|Knorr, KH; Horn, MA; Borken, W: Significant non-symbiotic nitrogen fixation in Patagonian ombrotrophic bogs, Global Change Biology, 21, 2357-2365 (2015), doi:10.1111/gcb.12849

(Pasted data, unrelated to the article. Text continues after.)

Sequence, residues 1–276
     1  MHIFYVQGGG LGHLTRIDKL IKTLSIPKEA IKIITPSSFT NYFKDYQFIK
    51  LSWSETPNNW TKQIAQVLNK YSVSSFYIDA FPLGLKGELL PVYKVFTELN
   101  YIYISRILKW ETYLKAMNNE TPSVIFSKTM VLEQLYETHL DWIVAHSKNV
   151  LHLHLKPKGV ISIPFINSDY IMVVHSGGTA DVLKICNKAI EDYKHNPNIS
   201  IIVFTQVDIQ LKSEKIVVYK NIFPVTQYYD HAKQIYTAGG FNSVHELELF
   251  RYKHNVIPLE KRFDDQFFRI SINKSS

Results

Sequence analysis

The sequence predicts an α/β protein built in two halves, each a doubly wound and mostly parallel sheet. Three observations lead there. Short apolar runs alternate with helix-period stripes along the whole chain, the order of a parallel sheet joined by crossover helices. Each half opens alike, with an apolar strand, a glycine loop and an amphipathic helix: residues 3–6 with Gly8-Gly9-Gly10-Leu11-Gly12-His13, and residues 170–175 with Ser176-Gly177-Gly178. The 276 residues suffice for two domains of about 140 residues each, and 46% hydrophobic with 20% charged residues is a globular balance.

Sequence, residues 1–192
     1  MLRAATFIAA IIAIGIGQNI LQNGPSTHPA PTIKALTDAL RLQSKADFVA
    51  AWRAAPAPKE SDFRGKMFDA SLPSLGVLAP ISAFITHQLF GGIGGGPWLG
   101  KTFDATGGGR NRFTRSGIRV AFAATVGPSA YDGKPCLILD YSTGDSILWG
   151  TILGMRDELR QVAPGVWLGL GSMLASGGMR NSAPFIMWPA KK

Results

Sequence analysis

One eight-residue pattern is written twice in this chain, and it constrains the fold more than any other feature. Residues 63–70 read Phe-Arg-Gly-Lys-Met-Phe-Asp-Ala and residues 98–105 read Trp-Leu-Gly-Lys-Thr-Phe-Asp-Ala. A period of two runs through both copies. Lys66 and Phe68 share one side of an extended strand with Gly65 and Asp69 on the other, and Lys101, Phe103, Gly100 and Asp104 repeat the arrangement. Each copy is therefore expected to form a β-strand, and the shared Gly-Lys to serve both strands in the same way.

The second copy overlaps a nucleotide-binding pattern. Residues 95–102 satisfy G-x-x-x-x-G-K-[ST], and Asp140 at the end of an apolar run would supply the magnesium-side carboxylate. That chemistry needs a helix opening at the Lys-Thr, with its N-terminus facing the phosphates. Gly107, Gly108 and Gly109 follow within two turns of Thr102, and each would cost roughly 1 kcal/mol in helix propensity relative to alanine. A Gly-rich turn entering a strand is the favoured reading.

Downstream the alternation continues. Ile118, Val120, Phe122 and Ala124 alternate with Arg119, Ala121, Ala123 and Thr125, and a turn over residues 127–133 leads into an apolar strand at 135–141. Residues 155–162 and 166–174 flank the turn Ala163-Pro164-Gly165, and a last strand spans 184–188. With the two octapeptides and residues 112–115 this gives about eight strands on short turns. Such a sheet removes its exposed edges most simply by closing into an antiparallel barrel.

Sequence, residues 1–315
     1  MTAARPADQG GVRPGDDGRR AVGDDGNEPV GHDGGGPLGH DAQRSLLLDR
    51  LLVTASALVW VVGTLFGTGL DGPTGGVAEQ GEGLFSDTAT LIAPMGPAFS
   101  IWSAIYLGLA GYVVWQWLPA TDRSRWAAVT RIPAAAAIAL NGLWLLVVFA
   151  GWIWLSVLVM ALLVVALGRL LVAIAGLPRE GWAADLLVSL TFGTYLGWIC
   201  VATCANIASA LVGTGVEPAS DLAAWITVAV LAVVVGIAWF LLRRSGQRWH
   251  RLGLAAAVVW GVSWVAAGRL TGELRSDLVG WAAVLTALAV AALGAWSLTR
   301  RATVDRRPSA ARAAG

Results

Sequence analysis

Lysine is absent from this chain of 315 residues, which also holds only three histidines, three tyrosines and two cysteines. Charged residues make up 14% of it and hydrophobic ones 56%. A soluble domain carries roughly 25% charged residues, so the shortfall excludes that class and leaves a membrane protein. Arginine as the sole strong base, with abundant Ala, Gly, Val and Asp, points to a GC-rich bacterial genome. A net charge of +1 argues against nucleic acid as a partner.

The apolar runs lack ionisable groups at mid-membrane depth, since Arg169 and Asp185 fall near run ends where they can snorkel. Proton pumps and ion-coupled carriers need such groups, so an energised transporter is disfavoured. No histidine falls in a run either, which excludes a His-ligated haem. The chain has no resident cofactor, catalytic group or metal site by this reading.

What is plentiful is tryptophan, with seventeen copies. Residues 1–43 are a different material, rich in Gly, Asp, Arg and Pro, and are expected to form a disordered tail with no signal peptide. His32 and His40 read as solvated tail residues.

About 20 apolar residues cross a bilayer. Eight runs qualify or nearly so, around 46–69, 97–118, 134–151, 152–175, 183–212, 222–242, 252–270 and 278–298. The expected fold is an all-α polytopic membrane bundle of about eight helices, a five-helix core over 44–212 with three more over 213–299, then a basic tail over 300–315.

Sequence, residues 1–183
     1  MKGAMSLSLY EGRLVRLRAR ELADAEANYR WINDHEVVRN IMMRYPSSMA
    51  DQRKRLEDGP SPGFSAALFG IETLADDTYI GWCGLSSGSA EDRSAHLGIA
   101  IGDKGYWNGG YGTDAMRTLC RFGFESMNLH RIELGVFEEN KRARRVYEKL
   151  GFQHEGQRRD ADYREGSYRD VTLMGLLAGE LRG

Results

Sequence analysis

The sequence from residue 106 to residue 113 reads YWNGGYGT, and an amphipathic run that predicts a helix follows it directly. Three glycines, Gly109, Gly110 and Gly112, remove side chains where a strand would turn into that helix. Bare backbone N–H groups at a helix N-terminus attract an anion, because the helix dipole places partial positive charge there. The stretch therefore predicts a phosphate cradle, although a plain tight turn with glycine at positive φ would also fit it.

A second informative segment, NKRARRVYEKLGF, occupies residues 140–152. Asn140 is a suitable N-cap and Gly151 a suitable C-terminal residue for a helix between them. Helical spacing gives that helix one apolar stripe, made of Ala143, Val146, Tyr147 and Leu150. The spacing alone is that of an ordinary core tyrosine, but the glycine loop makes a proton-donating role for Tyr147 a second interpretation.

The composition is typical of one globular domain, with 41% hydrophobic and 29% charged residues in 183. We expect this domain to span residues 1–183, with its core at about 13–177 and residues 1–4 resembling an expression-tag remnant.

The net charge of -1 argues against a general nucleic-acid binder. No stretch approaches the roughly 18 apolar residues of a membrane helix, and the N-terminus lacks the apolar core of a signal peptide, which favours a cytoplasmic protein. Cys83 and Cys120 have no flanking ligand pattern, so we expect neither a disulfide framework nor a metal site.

Nitrogen (N) nutrition in pristine peatlands relies on the natural input of inorganic N through atmospheric deposition or biological dinitrogen (N2) fixation. However, N2 fixation and its significance for N cycling, plant productivity and peat buildup is mostly associated to the presence of Sphagnum mosses. Here, we report high non-symbiotic N2 fixation rates in two pristine Patagonian bogs with diversified vegetation and natural N deposition. Non-symbiotic N2 fixation was measured in samples from 0-10, 10-20 and 40-50 cm depth using the 15N2 assay as well as the acetylene reduction assay (ARA). The ARA considerably underestimated N2 fixation and can thus not be recommended for peatland studies. Based on the 15N2 assay, high non-symbiotic N2 fixation rates of 0.3-1.4 μmol N2 g−1 d−1 were found down to 50 cm under micro-oxic conditions (2 vol.%) in samples from plots covered by Sphagnum magellanicum or by vascular cushion plants, latter characterized by dense and deep aerenchyma roots. Peat N concentrations point to greater potential of non-symbiotic N2 fixation under cushion plants, likely because of the availability of easily decomposable organic compounds and oxic conditions in the rhizosphere. In the Sphagnum plots, high N2 fixation below 10 cm depth rather reflects the potential during dry periods or low water level when oxygen penetrates the top peat layer and triggers peat mineralization. Natural abundance of the 15N isotope of live Sphagnum (5.6 δ‰) from 0-10 cm points to solely N uptake from atmospheric deposition and non-symbiotic N2 fixation. A mean 15N signature of -0.7 δ‰ of peat from the cushion plant plots indicates additional N supply from N mineralization. Our findings suggest that non-symbiotic N2 fixation overcomes N deficiency in different vegetation communities and has great significance for N cycling and peat accumulation in pristine peatlands.